Birds of Prey 2011 starts early
More Birds of Prey training? Why not?
The International Ski Federation (FIS) announced Monday evening at an impromptu captain’s meeting that it will be adding a day of training today at 11 a.m. to the Birds of Prey program. The key rule to remember is that the field has to have a day training on a course for a downhill to be held.
The weather forecast for today looks perfect. Wednesday looks windy, a concern when racers are going off Birds of Prey jumps, and there’s a 40 percent chance of snow for Thursday. All involved are erring on the side of caution, so that Friday’s downhill – knock wood, the weather forecast looks good – can go off with out a hitch.
In the meantime, a look into the history of Birds of Prey with a glimpse toward this week.
Past is prologue, people.
• Hermann Maier, 2003: Maier will always be the king of the Birds of Prey. No one has ever dominated this hill like the Herminator. The guy won six-straight starts here from 1997-2000. But then he busted up his leg in a motorcycle accident and his career was likely done. Yet Maier came back and won the 2003 downhill here. Cinderella stories do happen.
Speaking of Hermann, he was a part of one of my favorite podiums ever at Beaver Creek. In 2004, Norway’s Lasse Kjus, Maier and Austria’s Benni Raich went 1-2-3 in the giant slalom.
The lesson here is never forget the so-called “old” guys. A name to remember for this week is Switzerland’s Didier Cuche. He’s 37, and skiing like he’s 27. Second in last year’s overall, he’s medaled here the last four years. (And let the record state, I wrote this portion of the piece before Cuche won the Lake Louise, Alberta, downhill Saturday.)
• So, after Maier destroyed everyone here in the late 90s, no one was going to exhibit Hermann-like dominance at Birds of Prey again, right? Well, in 2009, Switzerland’s Carlo Janka did. He swept the weekend that year with wins in the super-combined, the downhill and GS, which helped vault him to the 2010 overall. An encore last year here was a little much, but he’s not a bad bet for this weekend.
• Cuche was second and Janka third in the overall in 2010-11. No.1? Croatia’s Ivica Kostelic. When you think of Kostelic, you generally think of the slalom, which will not be contested here this weekend. But here’s a little nugget. Kostelic was third last season in the super-G points behind Cuche and Austria’s Georg Streitberger.
That alone is a reason not to count out Kostelic in Saturday’s race. There’s also the unpredictability of the super-G, especially at Beaver Creek. Streitberger won last year’s super-G here, only the second win of his career. And he’s just the beginning of a list of surprise winners of this race – Norway’s Bjarne Solbakken (2003), Austria’s Stephan Goergl (2004) and teammate Hannes Reichelt (2005) all got their first career wins in super-G here. (Reichelt got win No. 2 here in 2007, for good measure.) Good luck picking this one.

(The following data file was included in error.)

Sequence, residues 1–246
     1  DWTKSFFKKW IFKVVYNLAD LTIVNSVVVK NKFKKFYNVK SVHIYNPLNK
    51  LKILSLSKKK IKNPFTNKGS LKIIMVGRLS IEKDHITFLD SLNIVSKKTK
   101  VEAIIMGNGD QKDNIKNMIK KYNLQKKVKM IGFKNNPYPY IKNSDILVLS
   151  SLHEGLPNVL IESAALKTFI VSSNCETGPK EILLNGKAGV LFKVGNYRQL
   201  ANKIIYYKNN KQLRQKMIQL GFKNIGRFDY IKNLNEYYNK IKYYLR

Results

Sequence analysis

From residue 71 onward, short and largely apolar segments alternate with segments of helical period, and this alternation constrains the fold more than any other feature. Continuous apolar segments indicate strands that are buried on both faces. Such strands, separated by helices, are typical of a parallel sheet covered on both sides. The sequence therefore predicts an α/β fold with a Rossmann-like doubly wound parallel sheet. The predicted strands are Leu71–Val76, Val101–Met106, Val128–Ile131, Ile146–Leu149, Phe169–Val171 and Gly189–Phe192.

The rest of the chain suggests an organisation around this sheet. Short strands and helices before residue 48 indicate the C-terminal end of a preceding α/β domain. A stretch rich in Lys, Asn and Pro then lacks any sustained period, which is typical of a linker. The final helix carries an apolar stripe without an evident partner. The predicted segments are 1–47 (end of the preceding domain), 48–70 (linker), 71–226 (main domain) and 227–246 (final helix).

• Bode Miller – This guy is always an adventure here. He and Daron Rahlves played pass the podium in 2004 and 2005 – Miller and Rahlves going 1-2 in the former and switching places in the latter. A day later in 2005, Miller had one of the most ridiculous sets of GS runs we’ve ever seen on his way to another gold. In 2006, Miller completely blew the super-combined only to come back and win the downhill the next day like nothing had happened.
There is a tendency to think that Miller’s best days are behind him. It certainly seemed that way in 2009 here. His Bode-ness looked pretty poor here and very much out of shape. As it turned out, he was just warming up on his way to three medals at the 2010 Vancouver Olympics. Never count him out.
• While Miller’s a tough guy to figure, you can pretty much set your watch – remember those things that told you the time before you got a cellphone – by Norway’s Aksel Lund Svindal. The Norwegian has good and bad memories of Birds of Prey. He was the beneficiary of Bode’s bonk in the super-combined in 2006. In 2007, he owned the overall globe until he went off Golden Eagle in a spectacular season-ending crash.
He came back in 2008 and won the downhill and super-G. He has eight consecutive top-10s at Birds of Prey, so he’s definitely in the mix. (And Svindal won Sunday’s super-G at Lake Louise with Cuche second.)
• Weibrecht’s wild ride: In the 2007, young Andrew Weibrecht wore the No. 53 bib and somehow careened his way down the hill into 10th. (Google the video, people.) This brings us to the topic of Americans and the downhill. The home team has four DH wins here, but none since 2006.
Yes, it’s ridiculous to expect an American to win the only downhill of the year on American snow, but the bigger question is “Who’s next?” Rahlves cemented his role as our country’s best downhiller, but who follows? Steve Nyman looked to be that guy, but injuries, including a torn Achilles earlier this month at Copper, have shelved him.
Weibrecht has injured both of his shoulders the last two years, but still has a bronze medal from Vancouver in the super-G. Marco Sullivan, who is a diehard Sam Francisco Giants fan – attaboy – lost most of last year with a concussion and a knee injury.
We hope to see “the next” emerge soon.
• Not “that” Ligety moment: All eyes will be on Ted Ligety during Sunday’s GS. After years of being close to win on home snow, Ligety did it last year here. It was a great win, one that helped him to another GS globe. But what made it so sweet was that in 2008, he lost this race by one-hundredth of a second.
About the only thing you can do in one-hundredth of a second is blink. That was the margin between winning and losing. And yet, Ligety did all the interviews, all the photos and all the autographs. Quality moment.
What moments join these this week?
Sports Editor Chris Freud can be reached at 970-748-2934 or firstname.lastname@example.org.